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Could a post-Roe world push even more women out of the workforce?


As supporters of abortion rights raised concerns about women’s economic power in light of the Supreme Court’s potential reversal of Roe v. Wade, women accounted for 65% of the 428,000 new jobs added to the economy in April, according to Friday’s jobs report.

A question mark in the April jobs report is what to make of the U.S. workforce shrinking for the first time in seven months. Is the lower labor-force participation rate — the percentage of people ages 16 and up who have a job or are looking for work — a blip? Or is it something else?

An even bigger question is what happens to that labor-force participation rate for women if the high court overturns Roe, the 1973 ruling recognizing the constitutional right to abortion. How many woman will stay in the workforce if abortion access is curtailed in their state, and what would that mean for their earnings potential?

A leaked draft of the highly anticipated ruling expected in June or July shows the high court’s conservative wing is ready to overturn Roe and hand decisions about abortion access back to state legislators and voters. The Supreme Court confirmed that the draft document was authentic, but said it didn’t represent a final decision.

Abortion-rights advocates say Roe’s overruling would have “devastating” financial consequences for many women, particularly low-income women and women of color. Anti-abortion advocates question that there would be a financial toll, not to mention some of the research indicating such a toll.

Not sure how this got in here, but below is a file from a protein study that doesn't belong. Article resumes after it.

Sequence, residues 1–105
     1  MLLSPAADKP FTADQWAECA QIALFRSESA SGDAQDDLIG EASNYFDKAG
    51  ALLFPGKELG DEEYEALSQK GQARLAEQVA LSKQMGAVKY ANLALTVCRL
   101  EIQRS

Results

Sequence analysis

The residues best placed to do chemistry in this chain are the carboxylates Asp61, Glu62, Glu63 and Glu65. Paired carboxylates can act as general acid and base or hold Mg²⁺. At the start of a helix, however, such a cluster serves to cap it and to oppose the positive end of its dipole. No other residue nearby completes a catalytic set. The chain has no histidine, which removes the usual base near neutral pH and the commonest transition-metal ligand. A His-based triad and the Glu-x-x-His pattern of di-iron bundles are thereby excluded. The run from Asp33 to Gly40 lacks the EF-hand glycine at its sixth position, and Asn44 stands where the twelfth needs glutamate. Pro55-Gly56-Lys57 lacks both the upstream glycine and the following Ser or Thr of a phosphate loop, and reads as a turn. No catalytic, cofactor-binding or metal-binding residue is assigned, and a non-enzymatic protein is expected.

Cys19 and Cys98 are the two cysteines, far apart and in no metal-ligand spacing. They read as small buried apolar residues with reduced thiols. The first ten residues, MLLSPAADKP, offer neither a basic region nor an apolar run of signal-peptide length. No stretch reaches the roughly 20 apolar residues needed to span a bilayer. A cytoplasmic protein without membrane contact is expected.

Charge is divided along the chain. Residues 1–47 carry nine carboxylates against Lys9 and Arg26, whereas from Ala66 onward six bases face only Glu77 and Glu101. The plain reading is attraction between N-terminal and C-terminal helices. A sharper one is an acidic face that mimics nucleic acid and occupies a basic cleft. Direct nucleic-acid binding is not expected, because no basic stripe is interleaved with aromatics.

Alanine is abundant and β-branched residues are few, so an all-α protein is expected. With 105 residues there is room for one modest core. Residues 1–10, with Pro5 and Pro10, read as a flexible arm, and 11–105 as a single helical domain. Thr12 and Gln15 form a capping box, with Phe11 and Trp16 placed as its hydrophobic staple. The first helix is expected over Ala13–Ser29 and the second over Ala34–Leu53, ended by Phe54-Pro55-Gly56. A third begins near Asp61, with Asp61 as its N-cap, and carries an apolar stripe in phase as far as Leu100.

As of April, 62.2% of the country’s population ages 16 and up that was able to have a job was either working or looking for work, according to the Bureau of Labor Statistics. That’s down from 62.4% in March, and more than a full percentage point off pre-pandemic levels.

In an economy that’s still 1.2 million jobs short of where it was pre-pandemic, the participation rates for men and women haven’t fully returned for either group.
Men’s participation rate was 69% in February 2020 and 68% in the latest labor figures. Women’s participation rate was 56.7% in April, 1.2 percentage points off the 57.9% rate in February 2020.

Caregiving duties — especially in the pandemic’s earlier stages — have “weighed substantially” on labor-force participation, particularly for women, according to Federal Reserve research.

Woman accounted for 278,000 of April’s new jobs, and they had a 3.5% unemployment rate overall, according to the Bureau of Labor Statistics.

Taking the long view, labor-force participation rates for women were on the rise for decades, but peaked in the late 1990s and early-to-mid-2000s around the 60% mark before edging down.

In the pile of amicus briefs in the underlying Supreme Court case challenging Mississippi’s abortion ban after 15 weeks, economists supporting Roe’s upholding wrote that “abortion legalization had large effects on women’s education, labor force participation, occupations, and earnings. These…



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